Belfast Telegraph

Winter the warmest in parts of England since 1869

England has just had its warmest winter since 1869.

With temperatures this winter hitting 6.7C (44.06F), only the high of 6.8C (44.2F) reached in 1869 has been warmer, the Met Office said.

The figures, which cover an area over the middle of England, are from the central England temperature series whose records date back to 1659.

It has also been the warmest winter for the whole of England and Wales in records dating back to 1910.

The mean temperature in the UK this winter was 5.5C (41.9F), helped by temperatures of more than 2C (35.6F) above long-term averages particularly in the south.

The mean temperature reached 6.5C (43.7F) in England, 6.4C (43.52F) in Wales, 3.6C (38.48F) in Scotland and 5.3C (41.54F) in Northern Ireland.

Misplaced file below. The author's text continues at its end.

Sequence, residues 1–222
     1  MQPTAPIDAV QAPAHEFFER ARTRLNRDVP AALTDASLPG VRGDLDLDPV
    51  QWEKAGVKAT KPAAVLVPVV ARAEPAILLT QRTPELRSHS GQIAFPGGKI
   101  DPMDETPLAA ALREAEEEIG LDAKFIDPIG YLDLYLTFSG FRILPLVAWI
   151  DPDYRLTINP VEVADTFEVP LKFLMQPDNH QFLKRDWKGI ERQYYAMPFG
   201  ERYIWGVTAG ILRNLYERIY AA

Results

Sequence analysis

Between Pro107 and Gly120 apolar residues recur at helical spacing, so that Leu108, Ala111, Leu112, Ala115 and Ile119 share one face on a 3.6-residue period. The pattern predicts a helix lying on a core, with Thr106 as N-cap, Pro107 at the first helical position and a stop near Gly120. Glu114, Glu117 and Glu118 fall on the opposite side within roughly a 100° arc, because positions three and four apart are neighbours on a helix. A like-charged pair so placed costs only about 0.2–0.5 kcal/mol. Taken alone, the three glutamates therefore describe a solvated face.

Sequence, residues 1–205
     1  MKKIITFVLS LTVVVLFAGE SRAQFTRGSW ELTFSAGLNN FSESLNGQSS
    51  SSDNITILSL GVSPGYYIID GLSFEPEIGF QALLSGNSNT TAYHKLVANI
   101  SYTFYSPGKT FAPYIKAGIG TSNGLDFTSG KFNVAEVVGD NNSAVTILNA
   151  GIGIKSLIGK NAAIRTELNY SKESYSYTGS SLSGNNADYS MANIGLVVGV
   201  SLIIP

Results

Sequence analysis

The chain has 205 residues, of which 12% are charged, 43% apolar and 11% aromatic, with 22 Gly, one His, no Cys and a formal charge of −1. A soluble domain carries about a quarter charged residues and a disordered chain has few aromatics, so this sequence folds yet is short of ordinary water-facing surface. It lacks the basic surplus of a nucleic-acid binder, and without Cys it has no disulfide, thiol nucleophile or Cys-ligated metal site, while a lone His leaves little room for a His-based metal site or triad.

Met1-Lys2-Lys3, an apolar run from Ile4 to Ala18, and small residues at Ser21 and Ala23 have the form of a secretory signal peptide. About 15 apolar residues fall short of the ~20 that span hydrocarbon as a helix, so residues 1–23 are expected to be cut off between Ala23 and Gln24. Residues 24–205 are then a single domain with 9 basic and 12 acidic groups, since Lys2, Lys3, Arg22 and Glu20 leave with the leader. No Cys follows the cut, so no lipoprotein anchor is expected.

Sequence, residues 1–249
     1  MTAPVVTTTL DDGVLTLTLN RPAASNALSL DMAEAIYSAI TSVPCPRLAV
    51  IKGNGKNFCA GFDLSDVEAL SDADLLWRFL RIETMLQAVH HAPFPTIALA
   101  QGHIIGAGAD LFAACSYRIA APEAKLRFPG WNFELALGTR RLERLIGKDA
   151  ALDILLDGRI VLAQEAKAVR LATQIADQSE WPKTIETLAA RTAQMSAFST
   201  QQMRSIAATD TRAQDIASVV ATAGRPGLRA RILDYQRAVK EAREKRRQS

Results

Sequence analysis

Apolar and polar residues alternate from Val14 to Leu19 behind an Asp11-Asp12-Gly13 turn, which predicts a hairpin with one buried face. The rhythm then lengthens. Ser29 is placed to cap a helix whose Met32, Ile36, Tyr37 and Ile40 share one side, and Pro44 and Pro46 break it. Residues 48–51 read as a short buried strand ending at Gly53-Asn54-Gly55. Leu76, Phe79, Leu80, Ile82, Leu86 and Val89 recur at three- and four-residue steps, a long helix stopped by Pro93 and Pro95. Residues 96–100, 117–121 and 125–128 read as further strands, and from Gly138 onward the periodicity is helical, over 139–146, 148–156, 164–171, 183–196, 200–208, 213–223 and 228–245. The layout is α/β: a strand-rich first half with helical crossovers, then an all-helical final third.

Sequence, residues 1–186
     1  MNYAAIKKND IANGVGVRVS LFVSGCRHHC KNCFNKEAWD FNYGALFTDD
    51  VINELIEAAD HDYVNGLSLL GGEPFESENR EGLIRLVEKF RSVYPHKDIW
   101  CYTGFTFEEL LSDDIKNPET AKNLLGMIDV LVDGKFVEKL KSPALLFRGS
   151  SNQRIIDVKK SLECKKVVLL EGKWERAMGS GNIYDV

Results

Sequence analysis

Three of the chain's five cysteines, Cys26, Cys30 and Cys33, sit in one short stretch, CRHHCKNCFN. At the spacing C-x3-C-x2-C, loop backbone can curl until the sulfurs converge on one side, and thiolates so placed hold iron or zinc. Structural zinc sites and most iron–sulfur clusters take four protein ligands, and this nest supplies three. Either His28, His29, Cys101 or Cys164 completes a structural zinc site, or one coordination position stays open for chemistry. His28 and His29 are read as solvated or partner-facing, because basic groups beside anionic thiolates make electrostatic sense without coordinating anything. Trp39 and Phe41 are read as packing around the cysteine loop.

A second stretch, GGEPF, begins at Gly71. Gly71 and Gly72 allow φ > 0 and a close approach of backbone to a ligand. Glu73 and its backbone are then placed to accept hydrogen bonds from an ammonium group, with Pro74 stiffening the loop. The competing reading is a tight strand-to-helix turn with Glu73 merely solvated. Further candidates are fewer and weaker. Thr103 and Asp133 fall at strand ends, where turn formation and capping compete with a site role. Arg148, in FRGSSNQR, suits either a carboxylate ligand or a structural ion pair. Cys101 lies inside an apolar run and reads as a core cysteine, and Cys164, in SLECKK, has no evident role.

Only the winter of 2013/2014 where 545mm was recorded was wetter in the UK.

The extreme downpours which lashed many northern and western regions in December and January helped to record a rainfall total for the UK of over 529 mm, well above the long term winter average of 330.4mm.

These are the only two years with rainfall totals exceeding 500mm. The next wettest is 1995 with 485mm, the Met Office said.

Just parts of East Anglia and eastern England did not see above average rainfall this winter.

People in Wales, Scotland and Northern Ireland have all endured the wettest winter for those regions on record.

Wales saw 778mm or rain beating the previous record of 726mm while 780mm fell in Scotland beating its previous record of 744mm. Both Wales and Scotland's previous highest rainfalls were recorded in 2013/2014. Northern Ireland had 508mm or rain beating the 489mm which fell in 1994.

Only parts of East Anglia and eastern England did not see above average rainfall.

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